Sixty-eight years ago, Mental Health America designated May as Mental Health Month to raise awareness about mental health conditions, signs of mental health and the importance of finding the right treatment and coping techniques.
“Risky Business,” is this year’s theme to identify the habits and behaviors that increase the risk of developing or exacerbating mental illnesses.
“Sixty million people in the United States face the day-to-day reality of living with a mental illness and every American is affected through their friends and family,” said Mary Giliberti, CEO of the National Alliance on Mental Illness. “Mental Health Month is a time for us all to come together, to inspire people, raise awareness and become involved so we can build better lives for millions of people with mental illness.”
For years, Dorothy Johnson heard voices in her head and was in a constant state of turmoil.
“I would drink alcohol, keep to myself and never talk about my personal problems or my family history,” Johnson said. Her brother suffered from a form of mental illness and committed suicide to stop the voices he heard in his head.
About 16 years ago, Johnson was diagnosed with major depression. She was treated with medication.
“I did not continue taking the medication because I didn’t like the way it made me feel,” said Johnson, who is a member at Mental Health America of Los Angeles.
She found an alternative method to cope when she was introduced to the MHA Village, a program offered at Mental Health America of Los Angeles. As stated on the MHA website, “The Village blends all the parts of mental health recovery — treatment, rehabilitation, family and community support, and self-help — to provide the help adults with mental illness need for self-sufficient lives.”
Johnson also attributed her stability to her personal service coordinator whose role is to assist individuals with gaining, restoring, improving or maintaining daily independent living skills.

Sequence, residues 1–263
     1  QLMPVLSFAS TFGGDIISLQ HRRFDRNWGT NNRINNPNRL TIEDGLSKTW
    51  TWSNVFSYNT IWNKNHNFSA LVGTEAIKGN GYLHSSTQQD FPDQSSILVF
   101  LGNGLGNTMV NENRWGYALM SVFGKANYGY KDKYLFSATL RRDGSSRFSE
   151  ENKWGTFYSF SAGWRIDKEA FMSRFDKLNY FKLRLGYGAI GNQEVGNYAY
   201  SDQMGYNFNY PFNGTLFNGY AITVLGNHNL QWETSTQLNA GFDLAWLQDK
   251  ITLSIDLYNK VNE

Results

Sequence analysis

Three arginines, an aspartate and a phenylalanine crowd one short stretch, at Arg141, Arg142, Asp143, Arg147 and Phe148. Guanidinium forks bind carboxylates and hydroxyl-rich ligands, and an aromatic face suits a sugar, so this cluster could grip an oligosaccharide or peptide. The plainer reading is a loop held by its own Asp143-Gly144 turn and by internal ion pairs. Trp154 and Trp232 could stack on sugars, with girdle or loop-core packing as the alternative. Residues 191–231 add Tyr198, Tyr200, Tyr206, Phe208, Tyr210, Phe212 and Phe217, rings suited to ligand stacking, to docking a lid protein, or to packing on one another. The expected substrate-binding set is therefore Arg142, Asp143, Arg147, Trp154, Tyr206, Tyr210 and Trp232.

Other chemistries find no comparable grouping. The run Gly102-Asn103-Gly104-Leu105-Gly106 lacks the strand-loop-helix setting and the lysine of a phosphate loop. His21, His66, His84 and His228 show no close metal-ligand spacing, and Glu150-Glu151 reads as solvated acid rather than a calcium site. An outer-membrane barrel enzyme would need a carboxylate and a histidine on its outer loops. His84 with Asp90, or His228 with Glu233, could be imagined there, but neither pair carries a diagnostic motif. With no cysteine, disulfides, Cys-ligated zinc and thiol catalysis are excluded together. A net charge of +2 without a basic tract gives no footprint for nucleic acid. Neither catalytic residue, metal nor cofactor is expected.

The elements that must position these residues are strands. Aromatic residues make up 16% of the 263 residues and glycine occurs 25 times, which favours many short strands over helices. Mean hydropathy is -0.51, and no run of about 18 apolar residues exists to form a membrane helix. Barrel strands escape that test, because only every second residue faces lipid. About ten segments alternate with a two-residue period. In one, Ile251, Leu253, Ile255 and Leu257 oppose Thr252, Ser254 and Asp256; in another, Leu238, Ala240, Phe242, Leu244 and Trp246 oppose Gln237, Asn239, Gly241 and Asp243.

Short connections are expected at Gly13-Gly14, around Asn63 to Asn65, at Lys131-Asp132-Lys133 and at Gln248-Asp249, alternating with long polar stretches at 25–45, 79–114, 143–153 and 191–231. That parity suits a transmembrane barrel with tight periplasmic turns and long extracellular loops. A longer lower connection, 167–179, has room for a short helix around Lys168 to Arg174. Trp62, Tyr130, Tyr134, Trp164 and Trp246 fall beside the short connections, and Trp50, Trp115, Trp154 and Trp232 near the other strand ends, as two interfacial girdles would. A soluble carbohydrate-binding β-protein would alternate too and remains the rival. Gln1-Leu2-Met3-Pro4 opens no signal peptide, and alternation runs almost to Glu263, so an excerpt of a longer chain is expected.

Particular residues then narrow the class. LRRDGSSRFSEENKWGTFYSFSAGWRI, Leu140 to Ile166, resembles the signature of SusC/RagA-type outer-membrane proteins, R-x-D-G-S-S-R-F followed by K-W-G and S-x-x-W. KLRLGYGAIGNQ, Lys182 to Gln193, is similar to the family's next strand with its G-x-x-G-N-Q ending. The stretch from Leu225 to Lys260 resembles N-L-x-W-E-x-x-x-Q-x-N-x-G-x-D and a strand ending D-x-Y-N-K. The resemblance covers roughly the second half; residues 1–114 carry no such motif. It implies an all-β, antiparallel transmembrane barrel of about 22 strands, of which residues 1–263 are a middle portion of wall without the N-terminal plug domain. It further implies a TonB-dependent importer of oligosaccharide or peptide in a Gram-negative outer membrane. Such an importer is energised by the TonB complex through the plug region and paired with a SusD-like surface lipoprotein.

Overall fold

“My PSC was very helpful,” Johnson said. “We became friends.”
“I am able to deal with life better. God and working at MHA really helped me heal.”
Lauded as a pioneer of the recovery movement, the MHA Village is a model for changing mental health care.
Miyume McKinley, a Los Angeles-based licensed psychotherapist, is also focused on breaking the negative stigmas associated with mental health and through her talk radio show, “Epiphany with Miyume,” changing the way people perceive mental illness.
“Seeking therapy does not mean you are crazy, weak, or that you don’t have faith,” McKinley said. “It means you are smart enough to recognize when things are becoming too difficult or overwhelming, strong enough to acknowledge that learning new ways of coping will be helpful, and brave enough to face your challenges head on.”
According to Mental Health America, suicide is the eighth leading cause of death in the United States and mental illness plays a role.
“One of the reasons that people often ignore their mental health is due to the fact that it is an internal challenge versus something visible 9such as a deep cut or the flu),” McKinley said. “Most are ashamed and worry about being judged by others so they often suffer in silence. Most assume that they are the only one experiencing symptoms of anxiety or depression. It’s time to break the negative stigma associated with mental health. “
The National Alliance for Mental Health reports that:
• Approximately one in five adults in the U.S. — 43.8 million people, or 18.5 percent of the population —experiences mental illness in a given year.
• Approximately one in 25 adults in the U.S. — 9.8 million people — experience a serious mental illness in a given year that substantially interferes with or limits one or more major life activities.
• Approximately one in five youth aged 13–18 (21.4 percent) experiences a severe mental disorder at some point during their life. For children ages 8–15, the estimate is 13.3 percent.
• 1.1 percent of adults in the U.S. live with schizophrenia.
• 2.6 percent of adults in the U.S. live with bipolar disorder.